The devices Covidien makes in North Haven are used for small-incision surgeries. Many both cut and staple inside the body in places surgeons can see only with the aid of cameras. One of those families of tools is involved in endostapling. The workers who make endostapling tools have reduced the amount of materials used by 10 percent and the labor efficiency has also increased by 10 percent, saving several million dollars each year, Ellison said.
Michael Guarente, 31, has been a team leader in the plant for the last year. He took the job when Proctor and Gamble's Clairol plant in Stamford closed and the majority of the work moved to Mexico.
He likes the productivity charts, too. "It's really hard to have manufacturing in Connecticut," he said. "We're still here, so we must be doing something right."
The company is now advertising for seven engineers, a chemist, a librarian, a medical writer, sales reps and five managers in Connecticut.
"We've done 70 percent of the hiring," Flora said in May of his division, but he added that R&D is only halfway to where he wants it to be. He hopes to reach the goal by 2013.
In August, Covidien will close its office in Norwalk — where U.S. Surgical was based — and move 300 people to a new location in New Haven.
Overall, Covidien had $11 billion in global sales in 2009, including $6 billion for medical devices, including the surgical division. The parent company also makes pharmaceuticals and medical supplies.
Covidien moved its headquarters from Bermuda, a tax haven where Tyco had its head office, in 2009, to Ireland, which also is known for its low corporate taxes. Covidien has several thousand manufacturing employees in Ireland, as well.
Flora's R&D push is seeing results. When he started work, one new product had been introduced in the previous five years, he said. In 2008, there were 10. In 2009, 18. This year, there will be 10.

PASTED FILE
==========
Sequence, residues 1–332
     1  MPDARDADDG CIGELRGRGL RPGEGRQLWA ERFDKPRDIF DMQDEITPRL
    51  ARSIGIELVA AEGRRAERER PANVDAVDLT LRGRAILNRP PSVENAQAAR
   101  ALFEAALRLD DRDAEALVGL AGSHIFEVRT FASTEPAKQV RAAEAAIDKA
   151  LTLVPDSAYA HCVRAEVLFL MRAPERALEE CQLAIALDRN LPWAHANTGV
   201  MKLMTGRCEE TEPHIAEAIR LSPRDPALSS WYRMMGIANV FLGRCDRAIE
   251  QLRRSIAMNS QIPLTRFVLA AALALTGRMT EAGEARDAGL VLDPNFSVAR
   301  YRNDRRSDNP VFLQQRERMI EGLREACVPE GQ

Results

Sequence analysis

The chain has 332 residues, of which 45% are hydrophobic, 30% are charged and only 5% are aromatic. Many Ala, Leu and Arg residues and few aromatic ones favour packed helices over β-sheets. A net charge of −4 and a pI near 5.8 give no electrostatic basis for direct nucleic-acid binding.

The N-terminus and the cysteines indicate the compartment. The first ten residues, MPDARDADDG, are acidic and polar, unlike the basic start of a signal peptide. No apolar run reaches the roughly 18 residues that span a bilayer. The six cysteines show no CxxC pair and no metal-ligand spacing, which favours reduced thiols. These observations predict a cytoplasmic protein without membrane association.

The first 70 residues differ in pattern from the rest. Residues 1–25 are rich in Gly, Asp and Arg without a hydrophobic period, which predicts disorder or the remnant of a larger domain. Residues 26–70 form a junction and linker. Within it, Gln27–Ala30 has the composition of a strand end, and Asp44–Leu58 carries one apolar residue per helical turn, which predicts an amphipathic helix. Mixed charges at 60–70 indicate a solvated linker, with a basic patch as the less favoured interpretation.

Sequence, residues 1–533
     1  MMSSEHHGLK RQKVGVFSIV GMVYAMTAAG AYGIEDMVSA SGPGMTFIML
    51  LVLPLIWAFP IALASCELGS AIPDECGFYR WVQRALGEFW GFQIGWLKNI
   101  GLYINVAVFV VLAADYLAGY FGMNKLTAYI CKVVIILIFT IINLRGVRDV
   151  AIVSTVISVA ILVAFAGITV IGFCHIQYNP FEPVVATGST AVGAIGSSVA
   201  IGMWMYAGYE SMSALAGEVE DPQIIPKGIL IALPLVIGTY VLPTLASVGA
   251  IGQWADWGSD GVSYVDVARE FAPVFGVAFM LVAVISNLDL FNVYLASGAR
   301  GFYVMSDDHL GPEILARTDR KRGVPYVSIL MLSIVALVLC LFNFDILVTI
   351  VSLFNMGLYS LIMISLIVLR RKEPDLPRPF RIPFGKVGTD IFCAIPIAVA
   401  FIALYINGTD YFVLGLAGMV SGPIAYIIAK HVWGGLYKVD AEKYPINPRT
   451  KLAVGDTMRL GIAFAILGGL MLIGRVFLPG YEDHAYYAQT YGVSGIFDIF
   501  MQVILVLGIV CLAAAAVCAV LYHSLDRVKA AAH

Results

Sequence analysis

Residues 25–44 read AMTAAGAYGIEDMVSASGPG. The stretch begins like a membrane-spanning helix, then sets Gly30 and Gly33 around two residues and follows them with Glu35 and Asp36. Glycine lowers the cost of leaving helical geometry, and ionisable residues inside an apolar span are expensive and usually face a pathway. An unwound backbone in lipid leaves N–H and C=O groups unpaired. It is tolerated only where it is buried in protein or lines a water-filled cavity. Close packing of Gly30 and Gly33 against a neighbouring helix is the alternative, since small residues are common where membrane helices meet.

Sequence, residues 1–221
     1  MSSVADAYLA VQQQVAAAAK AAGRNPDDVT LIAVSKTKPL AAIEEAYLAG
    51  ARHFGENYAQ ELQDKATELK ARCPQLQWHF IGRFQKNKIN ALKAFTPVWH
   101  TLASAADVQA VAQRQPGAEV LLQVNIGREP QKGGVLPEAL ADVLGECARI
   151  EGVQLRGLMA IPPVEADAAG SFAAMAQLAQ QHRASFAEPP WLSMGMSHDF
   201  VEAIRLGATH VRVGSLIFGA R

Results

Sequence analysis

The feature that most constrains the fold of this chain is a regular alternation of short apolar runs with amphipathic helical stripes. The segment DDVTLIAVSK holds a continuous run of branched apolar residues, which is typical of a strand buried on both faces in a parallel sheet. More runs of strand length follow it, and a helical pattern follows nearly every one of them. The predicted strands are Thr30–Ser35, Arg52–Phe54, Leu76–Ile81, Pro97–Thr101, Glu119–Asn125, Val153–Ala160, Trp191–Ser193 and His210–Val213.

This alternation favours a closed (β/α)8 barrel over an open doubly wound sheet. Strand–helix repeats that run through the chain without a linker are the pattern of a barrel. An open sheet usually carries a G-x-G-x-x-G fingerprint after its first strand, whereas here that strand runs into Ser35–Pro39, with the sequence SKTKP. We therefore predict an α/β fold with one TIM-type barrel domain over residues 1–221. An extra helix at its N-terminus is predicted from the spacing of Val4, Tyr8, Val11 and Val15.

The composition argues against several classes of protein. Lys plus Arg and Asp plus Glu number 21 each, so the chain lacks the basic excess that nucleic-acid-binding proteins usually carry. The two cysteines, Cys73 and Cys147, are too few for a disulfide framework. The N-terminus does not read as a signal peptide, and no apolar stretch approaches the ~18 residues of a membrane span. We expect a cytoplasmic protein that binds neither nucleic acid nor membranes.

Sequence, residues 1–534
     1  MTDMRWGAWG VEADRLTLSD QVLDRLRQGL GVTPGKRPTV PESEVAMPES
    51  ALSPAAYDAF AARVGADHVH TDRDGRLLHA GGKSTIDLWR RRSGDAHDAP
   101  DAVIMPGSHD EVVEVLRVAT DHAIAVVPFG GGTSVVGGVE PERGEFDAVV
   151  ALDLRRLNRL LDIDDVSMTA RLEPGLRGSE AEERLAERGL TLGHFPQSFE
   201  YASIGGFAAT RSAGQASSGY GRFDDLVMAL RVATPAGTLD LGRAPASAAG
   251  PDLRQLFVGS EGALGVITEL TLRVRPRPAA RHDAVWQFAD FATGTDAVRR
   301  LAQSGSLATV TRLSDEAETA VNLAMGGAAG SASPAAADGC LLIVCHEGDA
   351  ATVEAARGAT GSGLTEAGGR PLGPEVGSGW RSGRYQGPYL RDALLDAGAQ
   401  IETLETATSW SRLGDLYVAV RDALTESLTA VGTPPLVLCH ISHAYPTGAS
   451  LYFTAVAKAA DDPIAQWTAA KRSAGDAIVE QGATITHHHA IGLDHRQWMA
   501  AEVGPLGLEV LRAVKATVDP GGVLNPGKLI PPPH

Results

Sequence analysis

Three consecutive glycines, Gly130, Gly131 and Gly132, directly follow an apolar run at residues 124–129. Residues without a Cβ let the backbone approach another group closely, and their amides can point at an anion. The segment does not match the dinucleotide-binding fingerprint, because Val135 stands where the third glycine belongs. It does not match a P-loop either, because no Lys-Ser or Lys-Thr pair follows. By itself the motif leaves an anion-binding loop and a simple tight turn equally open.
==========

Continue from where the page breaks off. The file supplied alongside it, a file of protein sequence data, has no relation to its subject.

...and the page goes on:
In the first quarter of 2010, medical devices was the segment with the strongest sales growth.
Stock analysts have been impressed with the pace of product launches, and with Covidien's growing reputation among surgeons. David Roman of Goldman Sachs said he believes Covidien is in a stronger position than Johnson & Johnson (together the two companies have more than 80 percent of the market share in general surgical devices). He said in a report that Covidien is likely to have above-market growth rates — and higher profits — because of "continued success in new product introductions."
Flora said the new sales reps are told that "evidence-based medicine" is everything — meaning the staff cites scientific studies to support sales. Already, 24 percent of sales are in Europe, where national or provincial panels decide whether pharmaceutical or device innovations are worth their price tags. With health care reform coming to the United States, there will be more of that sort of systematic cost-benefit analysis.
"Because we're mid-tech, we're not going to fall under individual scrutiny as much," Flora said.
While Covidien sells a $600 cranial sealant, for example, many of its products are lower cost. Generally, minimally invasive surgery is gaining favor among health policy researchers as both more cost-effective and safer, and that's Covidien's specialty.
Some of Covidien's tools allow surgeries where the only entry is through natural orifices, or through the belly button, with no scars at all.
And while there will always be price pressure, Covidien has attractive expansion possibilities, both in places like China, where millions of people are becoming wealthy enough to have surgery, and in Europe and the United States, where as the population gets older, they also get sicker.
"Most of my business is cancer surgery, and obesity/diabetes," Flora said. "Definitely aging is the driver."